I feel that our aim should be to attack that discomfort by whatever methods work using a measured approach. This means that less is better at the outset until we have figured out what we really need. If a medical transition is what we require then that is exactly what we should do. However, many of us are already embroiled in lives we have built and, treating our dysphoria the way we would ultimately want to, may not be possible. This is where deft baby steps are called for.
Some wait until a dear spouse is deceased or children are grown while others find ways within the context of their existing lives to deal with their feelings. If any of this were easy there would be a handbook, but unfortunately none exists. The only thing I know for certain does not work is ignoring your dysphoria; don't do what I did.
It is also very true that dysphoria is not of the same intensity for everyone and I am all but certain that Harry Benjamin was absolutely correct in this. It means that at its highest levels, it is virtually intolerable and must be addressed with transition lest mental health be severely impacted.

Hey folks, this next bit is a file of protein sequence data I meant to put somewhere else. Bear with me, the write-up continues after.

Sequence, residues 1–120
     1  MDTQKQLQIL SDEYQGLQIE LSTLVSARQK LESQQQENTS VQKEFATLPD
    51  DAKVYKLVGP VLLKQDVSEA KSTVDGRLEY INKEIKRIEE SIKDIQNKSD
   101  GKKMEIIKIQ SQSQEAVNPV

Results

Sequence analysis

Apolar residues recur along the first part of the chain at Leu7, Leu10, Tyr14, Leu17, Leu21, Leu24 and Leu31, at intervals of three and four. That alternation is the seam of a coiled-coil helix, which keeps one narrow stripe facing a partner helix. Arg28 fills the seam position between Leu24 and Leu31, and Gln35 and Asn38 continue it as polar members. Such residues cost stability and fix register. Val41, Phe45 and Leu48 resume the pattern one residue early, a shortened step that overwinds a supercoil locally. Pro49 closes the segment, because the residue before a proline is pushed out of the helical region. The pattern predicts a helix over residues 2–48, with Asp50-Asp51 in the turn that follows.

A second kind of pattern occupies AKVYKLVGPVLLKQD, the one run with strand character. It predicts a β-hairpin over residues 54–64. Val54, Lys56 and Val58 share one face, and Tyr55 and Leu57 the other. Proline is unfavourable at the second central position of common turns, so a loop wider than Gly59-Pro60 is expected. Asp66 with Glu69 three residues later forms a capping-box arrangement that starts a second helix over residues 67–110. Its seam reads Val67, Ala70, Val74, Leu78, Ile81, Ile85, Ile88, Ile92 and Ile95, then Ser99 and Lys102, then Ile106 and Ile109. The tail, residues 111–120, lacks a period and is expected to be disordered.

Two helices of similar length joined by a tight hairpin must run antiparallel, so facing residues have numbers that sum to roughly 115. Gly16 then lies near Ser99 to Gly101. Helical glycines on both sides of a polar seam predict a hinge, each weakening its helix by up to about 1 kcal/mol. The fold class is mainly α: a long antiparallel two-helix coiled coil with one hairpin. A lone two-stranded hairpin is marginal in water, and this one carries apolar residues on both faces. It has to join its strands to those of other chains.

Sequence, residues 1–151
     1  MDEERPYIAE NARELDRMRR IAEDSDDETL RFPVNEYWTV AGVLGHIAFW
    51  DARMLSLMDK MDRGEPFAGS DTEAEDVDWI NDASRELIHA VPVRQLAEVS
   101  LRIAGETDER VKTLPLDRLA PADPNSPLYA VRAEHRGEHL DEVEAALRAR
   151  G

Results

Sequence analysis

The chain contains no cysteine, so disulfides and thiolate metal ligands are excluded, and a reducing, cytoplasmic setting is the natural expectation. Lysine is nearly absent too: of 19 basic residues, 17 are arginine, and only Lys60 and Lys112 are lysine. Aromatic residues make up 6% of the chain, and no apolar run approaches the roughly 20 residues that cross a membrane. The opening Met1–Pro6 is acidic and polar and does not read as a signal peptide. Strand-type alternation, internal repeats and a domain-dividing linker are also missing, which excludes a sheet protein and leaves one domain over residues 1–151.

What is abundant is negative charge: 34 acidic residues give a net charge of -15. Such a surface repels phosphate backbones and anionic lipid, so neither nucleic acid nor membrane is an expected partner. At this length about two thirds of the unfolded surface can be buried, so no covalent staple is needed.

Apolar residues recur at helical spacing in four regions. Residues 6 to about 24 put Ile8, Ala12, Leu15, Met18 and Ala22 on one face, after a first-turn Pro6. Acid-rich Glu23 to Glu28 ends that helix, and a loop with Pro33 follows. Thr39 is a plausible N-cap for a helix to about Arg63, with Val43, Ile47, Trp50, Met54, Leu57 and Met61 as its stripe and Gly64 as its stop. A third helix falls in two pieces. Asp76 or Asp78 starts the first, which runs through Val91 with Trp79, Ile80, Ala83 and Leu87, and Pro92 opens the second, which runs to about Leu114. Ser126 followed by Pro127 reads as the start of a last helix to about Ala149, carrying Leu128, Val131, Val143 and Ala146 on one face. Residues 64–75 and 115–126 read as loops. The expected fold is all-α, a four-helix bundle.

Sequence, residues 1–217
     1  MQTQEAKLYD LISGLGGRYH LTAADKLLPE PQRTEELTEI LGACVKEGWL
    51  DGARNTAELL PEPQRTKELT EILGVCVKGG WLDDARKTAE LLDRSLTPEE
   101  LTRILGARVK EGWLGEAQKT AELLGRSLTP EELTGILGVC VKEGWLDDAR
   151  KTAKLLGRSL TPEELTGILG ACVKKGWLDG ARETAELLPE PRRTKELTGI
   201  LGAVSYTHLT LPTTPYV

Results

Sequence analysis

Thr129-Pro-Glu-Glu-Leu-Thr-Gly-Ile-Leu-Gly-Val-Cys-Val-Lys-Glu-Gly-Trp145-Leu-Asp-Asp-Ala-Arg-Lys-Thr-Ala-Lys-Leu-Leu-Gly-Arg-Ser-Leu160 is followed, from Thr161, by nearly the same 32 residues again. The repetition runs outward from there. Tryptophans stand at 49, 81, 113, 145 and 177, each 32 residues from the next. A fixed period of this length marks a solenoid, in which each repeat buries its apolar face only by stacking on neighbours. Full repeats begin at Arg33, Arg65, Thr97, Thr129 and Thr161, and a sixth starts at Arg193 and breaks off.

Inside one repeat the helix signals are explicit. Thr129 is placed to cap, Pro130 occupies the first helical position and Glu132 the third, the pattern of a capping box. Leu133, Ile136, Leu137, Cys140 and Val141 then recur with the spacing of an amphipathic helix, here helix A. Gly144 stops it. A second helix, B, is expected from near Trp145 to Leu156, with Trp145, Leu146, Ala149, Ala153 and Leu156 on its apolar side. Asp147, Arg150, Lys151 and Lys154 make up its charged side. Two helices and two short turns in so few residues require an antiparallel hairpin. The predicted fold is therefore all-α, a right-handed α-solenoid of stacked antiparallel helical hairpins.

Expressing gender differently causes no one else any harm and we can confuse our desire to do this with a clarion call to transition. This is where we need to be extremely careful because there is no shame in lying somewhere between male and female on the gender spectrum. All that matters is that it works for you and society be damned.
For those looking for flexible solutions within a marriage, some spouses are understanding but if not, it may come down to a choice between your mental health and staying with them. You can explain this by asking them what it would feel like to suddenly be prohibited from expressing their gender identity. For this is what it feels like for us.
When you find a balance point you will know it because your happiness will return. No, things won't be perfect because real life isn't, but at least that awful disconnect will be partly or fully curbed.
I am not against getting professional help but in the end we are the ultimate deciders of our path here and no therapist, priest or doctor can tell you what is right for you. Thus, after many years of reading and personal reflection, it turns out that medical transition is not for me although for a time that wasn't an obvious decision.
This is why that soul searching is so pivotal especially since, the further along the spectrum one is from their birth sex, the more challenging that decision becomes.